Day Four
Trout Creek to Cedar Creek Trail (Big Huckleberry Mountain)

13 miles

Summary: An easy hike in a floodplain followed by a tough, waterless stretch up Big Huckleberry Mountain. Bring lots of water.

On this day of a long, long climb up to the top of a mountain, we found a note one through hiker had left along the trail for another. "Big Huckleberry Mountain is no joke," the note read. Wise words, as we were about to find out.

At first the PCT goes through flat floodplains of the Wind River, and we ate up the miles in no time. We crossed several rivers and creeks, with the most spectacular crossing at the Wind River. The bridge built for the trail was a massive arch and Rick fell in love with the wild look of the river. They didn't have such wild stretches out East, and he wanted to take many pictures and linger along its banks. I knew that we had a lot of hiking to do and wanted to be on our way.

The PCT bridge over the Wind River was built to survive spring floods, and it shows. Too bad the government can't finance more of these strong trail structures on the PCT.

Once you cross the river you soon come to the Wind River Road. If you want to resupply at Stabler, you turn right at the road and walk half a mile to the Stabler Country Store.

We passed more stunning old growth. Rick called them "Ent" trees like the characters in Lord of the Rings. They were massive and old, and it was good for me to appreciate their beauty through Rick's eyes. As a long-time resident, I had become rather jaded about the size and age of our trees.

We reached Panther Creek after an early five-mile walk. The guide book warned that this could be the last water for seven long, hot miles. We rested up by the rust-colored bridge. I thought about all the PCT hikers who skipped the section of the trail we had just covered, instead turning right after the Bridge of the Gods and walking along a road to this spot. The shortcut was only 14.7 miles-an easy day's walk-to this point. We had just traveled 35.5 miles. The guide book recommends the short cut, but I think the authors are wrong. I felt that the section we had seen was extraordinarily beautiful. I couldn't understand why someone would want to take a shortcut-unless the weather was miserable.

The weather was sunny and hot for Day Four. We started the long climb up Big Huckleberry with a series of about seven LONG switchbacks and 1,110 feet of elevation gain. We were fortunate to find some tiny springs along the third switchback (as the guidebook said might be there) and filled up one last time.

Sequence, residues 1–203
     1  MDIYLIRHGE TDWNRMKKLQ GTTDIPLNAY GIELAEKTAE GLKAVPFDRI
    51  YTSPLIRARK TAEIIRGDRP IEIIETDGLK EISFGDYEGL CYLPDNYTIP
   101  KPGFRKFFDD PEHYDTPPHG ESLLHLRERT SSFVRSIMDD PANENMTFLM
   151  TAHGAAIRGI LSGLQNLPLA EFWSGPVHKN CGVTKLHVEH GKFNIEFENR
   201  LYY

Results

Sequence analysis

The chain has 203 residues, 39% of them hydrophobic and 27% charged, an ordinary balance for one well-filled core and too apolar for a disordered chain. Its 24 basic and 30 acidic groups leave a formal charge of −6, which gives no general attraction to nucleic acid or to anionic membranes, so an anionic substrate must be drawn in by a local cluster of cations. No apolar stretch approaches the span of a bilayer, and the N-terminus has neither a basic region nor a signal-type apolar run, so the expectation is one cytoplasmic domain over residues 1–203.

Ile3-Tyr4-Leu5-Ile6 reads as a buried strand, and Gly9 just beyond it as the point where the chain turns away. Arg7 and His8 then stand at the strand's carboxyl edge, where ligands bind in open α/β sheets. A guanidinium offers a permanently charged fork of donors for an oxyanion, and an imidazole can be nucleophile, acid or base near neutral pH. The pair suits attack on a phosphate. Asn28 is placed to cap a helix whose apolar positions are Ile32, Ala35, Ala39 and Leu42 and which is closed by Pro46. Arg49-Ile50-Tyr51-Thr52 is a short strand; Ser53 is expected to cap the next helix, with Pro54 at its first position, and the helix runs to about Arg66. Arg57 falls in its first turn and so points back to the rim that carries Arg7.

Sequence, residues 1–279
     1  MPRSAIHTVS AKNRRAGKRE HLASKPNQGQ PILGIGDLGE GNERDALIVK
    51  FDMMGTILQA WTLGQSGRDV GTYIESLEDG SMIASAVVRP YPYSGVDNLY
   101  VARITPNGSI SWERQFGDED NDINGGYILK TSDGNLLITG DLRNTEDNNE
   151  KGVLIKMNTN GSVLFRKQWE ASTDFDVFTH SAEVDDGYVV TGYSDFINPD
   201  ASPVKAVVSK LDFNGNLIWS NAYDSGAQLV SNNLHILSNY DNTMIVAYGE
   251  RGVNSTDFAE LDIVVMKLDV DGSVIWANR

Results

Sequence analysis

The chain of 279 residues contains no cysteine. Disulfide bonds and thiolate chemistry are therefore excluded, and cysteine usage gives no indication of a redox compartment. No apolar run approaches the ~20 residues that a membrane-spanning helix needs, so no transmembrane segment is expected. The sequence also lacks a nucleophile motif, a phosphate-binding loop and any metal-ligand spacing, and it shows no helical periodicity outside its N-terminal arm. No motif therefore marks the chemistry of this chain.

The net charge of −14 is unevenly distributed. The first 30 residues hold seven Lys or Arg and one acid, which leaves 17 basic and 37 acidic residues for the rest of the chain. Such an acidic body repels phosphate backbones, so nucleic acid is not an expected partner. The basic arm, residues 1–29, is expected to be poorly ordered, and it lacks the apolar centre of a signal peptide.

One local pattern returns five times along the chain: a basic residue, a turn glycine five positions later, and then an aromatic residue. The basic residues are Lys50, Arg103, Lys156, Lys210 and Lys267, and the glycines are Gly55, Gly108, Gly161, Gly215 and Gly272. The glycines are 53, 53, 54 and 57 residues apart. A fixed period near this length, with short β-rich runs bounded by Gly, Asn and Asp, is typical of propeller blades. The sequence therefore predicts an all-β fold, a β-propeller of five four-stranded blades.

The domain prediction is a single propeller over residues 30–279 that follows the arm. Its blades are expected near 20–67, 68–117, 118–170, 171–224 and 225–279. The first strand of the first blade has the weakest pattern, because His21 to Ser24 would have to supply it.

We had long, good conversations about personal issues as we struggled up the grade. At the top of one ridge we rested for lunch and Rick took a brief nap while I read from Jonathan Raban's book about the Mississippi River, Old Glory. We tried to conserve our water as we resumed hiking, but it was hard in the heat. Each of us had only one water bottle and here was a stretch where we really needed two.

Rick takes one of his mid-day naps on the climb up Big Huckleberry Mountain. I was impressed with how quickly he could drift off to sleep.

Higher and higher we trudged. I started to get ahead of Rick. I tried to read the landscape and felt that a junction to a spring and campsite must be coming soon. But it didn't. I got so disgusted I gave up looking for it. I rationed my meager supply of water-one sip as needed. Finally I was down to about two sips left, and though I wanted to empty the canteen, I forced myself to save one last sip for later.

At last the junction came into view. I quickly drank the few drops left in my canteen and started to write a note for Rick. I was desperate for the water I knew would be 300 feet below on a side trail to Cedar Creek. But I waited, and suddenly there was Rick coming up the trail. "I'm really glad you waited," he said. "I would have been really mad if you didn't."

We practically ran down the tight switchbacks to the water. I just sat and drank as much as I could for a long time. The campsite nearby was very tidy and had lots of firewood. "At last we are going to have a fire," Rick declared. I didn't have the heart to tell him there was a fire ban. So he made a crackling fire that shot off sparks like a Fourth of July fountain. I had never seen so many coming off a fire before, and they all seemed to be headed toward our tent. I nervously stood between the tent and the fire, making sure nothing ignited our shelter.

The sparky fire was too close to our tent for my comfort. After I took this picture I stood between the flames and the tent.

Rick wanted something bland after the curry meal, so I made chicken with instant mashed potatoes, peas and gravy. After 13 miles, this was a very yummy meal. I also had some cognac to celebrate our achievement. We talked about the next day's hike. It was 15 miles to Blue Lake, but Rick thought we might want to give it a shot.

As we got ready for bed, a lone coyote barked and howled nearby. It was a signal to us that we were in his territory. Rick had never heard one so close before. We hung up our food, but I worried that it wasn't high enough for a wily coyote. Again, the night was warm and we started by sleeping atop our bags, though we would be under them by the end of the night.

The nights were hot and I often read my book while resting on top of my down sleeping bag.

Day Five
Day Six
Day Seven
Day Eight-Part One
Day Eight-Part Two
Day Nine
Day Ten
Day Eleven
Day Twelve
Day Thirteen
Day Fourteen
Day Fifteen
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